Based on the 1985 novel Heat (Edged Weapons in the UK) by William Goldman and the remake of Burt Reynolds’ Heat (1986) there’s a fast car, periodic fight scenes, a mild mannered moralist character, Jason Statham must check them off and sign on the dotted line. And that’s not a bad thing Statham in the most typecast of role, rarely, if ever fails to deliver.
Simon West’s Wild Card is finely shot, it plays as an anti Revolver (2005), it’s linear, his Vegas is musty, hazy and dusty. The setting feels real and written intentionally or not what it lacks in pacing structure and credible fleshed out supporting character relationships it makes up for with Statham’s charisma and hand to hand action setups.
Part revenge, part self realisation film, its reminiscent of The Gambler (1974), Payback (1998)/Point Blank (1967), Get Carter (1971 and 2000 remake) to name a few. West offers a series of exceptionally well choreographed hard hitting, bone breaking, wince enduring scenes, which Statham effortlessly pulls off with a smidgen of drama. The action is raw, not dissimilar to the stylish John Wick (2014), and Wild avoids using guns mirroring Denzel Washington’s McCall in The Equalizer (2014).
To Statham’s (who also produced) credit you do root for the gambling Nick Wild, and you can’t help feel he may windup like Carlito’s (1993) Brigante or London Boulevard’s (2010) Mitchel by the end. It’s a pity it chose the action, cutlery stabbing route and you can’t help feel that some of the more dramatic scenes were left on the cutting floor despite Statham showing some great range.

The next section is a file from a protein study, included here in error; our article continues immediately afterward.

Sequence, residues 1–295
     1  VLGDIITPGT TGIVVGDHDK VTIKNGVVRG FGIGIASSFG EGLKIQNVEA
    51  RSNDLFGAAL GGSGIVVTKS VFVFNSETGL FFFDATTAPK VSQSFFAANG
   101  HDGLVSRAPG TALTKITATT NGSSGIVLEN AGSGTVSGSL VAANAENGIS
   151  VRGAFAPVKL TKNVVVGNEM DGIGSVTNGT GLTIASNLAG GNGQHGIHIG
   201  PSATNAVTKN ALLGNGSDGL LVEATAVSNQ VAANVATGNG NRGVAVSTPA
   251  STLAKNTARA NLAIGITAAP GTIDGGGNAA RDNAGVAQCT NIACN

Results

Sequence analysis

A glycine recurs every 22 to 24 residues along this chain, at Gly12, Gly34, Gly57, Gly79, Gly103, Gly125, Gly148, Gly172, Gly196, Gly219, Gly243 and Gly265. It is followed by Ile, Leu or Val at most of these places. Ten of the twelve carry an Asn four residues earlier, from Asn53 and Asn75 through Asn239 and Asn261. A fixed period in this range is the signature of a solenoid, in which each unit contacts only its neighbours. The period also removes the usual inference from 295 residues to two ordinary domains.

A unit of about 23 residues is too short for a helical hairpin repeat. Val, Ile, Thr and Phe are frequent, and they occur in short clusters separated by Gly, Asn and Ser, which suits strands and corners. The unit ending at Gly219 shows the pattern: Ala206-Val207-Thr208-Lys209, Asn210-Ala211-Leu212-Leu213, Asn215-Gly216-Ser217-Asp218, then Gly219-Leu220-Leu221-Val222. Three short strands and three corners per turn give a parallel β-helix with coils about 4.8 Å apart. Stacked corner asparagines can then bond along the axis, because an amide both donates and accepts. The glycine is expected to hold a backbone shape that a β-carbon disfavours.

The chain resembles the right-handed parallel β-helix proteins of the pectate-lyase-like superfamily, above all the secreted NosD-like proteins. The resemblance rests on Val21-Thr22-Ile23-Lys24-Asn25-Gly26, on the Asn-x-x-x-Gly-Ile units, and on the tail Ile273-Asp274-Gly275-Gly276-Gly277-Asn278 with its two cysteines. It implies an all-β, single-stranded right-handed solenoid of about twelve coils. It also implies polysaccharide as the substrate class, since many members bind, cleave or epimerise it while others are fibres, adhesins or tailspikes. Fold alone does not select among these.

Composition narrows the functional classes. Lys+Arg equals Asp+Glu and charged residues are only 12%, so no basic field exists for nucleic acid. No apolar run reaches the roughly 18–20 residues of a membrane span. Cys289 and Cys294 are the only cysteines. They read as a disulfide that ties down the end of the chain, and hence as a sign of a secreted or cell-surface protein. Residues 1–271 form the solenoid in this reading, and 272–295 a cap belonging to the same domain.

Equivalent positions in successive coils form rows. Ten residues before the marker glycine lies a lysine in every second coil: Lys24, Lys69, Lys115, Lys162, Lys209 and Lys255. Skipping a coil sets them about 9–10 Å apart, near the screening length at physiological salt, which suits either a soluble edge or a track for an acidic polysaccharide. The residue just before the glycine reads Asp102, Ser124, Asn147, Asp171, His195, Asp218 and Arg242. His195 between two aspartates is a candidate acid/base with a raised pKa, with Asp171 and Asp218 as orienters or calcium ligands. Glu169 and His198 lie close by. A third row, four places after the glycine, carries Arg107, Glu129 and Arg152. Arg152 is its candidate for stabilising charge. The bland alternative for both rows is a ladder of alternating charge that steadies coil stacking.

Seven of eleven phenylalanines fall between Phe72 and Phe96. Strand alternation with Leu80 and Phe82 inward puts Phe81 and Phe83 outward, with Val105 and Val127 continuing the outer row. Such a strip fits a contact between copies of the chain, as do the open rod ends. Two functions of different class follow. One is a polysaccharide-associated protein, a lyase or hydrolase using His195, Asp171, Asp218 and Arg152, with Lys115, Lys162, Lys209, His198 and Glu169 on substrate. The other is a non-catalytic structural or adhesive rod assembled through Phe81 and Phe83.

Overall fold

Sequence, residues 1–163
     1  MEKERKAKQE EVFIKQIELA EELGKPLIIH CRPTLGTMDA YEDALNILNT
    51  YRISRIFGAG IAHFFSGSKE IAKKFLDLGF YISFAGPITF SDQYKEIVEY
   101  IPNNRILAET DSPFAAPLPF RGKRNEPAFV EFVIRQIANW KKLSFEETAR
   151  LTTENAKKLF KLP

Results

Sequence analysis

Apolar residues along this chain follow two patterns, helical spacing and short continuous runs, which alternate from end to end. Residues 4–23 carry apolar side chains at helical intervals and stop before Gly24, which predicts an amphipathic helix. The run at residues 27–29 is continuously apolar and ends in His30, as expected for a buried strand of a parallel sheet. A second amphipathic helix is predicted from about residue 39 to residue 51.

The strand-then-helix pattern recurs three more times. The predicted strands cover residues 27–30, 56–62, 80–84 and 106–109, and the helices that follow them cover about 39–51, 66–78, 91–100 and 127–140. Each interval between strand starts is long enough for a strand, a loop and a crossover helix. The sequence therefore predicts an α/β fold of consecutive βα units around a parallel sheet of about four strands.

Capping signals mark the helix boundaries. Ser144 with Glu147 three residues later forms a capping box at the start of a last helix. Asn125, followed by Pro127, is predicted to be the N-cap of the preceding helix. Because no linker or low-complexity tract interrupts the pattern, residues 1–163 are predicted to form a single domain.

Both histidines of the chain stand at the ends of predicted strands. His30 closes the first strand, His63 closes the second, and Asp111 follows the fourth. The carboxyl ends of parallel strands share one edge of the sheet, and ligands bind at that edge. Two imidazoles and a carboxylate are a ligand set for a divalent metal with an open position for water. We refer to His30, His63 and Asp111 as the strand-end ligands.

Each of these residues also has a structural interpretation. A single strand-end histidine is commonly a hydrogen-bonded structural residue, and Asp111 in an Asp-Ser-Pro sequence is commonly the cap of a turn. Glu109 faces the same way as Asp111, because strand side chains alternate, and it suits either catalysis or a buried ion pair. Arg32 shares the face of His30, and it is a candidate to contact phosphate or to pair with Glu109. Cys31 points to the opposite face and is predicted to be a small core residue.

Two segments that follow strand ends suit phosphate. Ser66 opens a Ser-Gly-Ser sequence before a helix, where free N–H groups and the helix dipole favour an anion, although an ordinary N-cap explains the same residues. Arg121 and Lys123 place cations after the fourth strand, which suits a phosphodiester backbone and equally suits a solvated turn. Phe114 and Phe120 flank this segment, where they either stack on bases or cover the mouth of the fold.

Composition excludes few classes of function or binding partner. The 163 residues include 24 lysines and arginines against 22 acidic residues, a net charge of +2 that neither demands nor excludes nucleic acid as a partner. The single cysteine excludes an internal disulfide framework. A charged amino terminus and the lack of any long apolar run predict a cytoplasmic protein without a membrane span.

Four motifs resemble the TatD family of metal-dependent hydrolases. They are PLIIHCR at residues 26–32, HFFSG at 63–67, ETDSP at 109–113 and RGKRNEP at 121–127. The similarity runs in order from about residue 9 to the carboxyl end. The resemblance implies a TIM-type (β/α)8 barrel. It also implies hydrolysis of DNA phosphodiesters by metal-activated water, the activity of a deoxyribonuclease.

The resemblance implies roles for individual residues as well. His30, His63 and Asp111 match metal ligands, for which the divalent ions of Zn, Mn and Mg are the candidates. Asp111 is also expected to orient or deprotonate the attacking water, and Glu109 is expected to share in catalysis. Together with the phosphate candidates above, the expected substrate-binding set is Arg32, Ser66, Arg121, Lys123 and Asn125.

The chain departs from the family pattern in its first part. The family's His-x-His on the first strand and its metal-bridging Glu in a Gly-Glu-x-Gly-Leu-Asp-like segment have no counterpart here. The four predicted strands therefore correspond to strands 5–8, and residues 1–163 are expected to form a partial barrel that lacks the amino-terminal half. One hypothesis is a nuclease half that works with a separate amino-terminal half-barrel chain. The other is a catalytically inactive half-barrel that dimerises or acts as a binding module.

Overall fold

The action is more raw than the stylish John Wick (2014), and Wild doesn’t like to use guns like Denzel Washington’s The Equalizer (2014). Both Milo Ventimiglia and Michael Angarano while entertaining look a little uncomfortable age wise in their respective roles. The supporting cast are mostly extended cameos from the likes of Anne Heche, Sofía Vergara and Stanley Tucci who notably steals the show as mob boss mediator Baby.
Digressing slightly, thanks to Bruce Willis taking pay cheques for small cameo roles it’s left a gap in the market for well loved but still under appreciated Jason Statham who, endless Transporter roles aside, has offered some decent performances in the West’s own Mechanic, Killing Elite, Revolver, spring to mind.
The production values are high. it goes beyond the out of the box action film in terms of look thanks to Shelly Johnson’s cinematography and West’s keen eye for detail giving him a knack for creating atmosphere.
Statham puts in an immense physical performance. It’s a solid action film, and quiet restrained, no big explosions, with minimum gun-play, it focus its on physical altercations. And for these reasons recommend.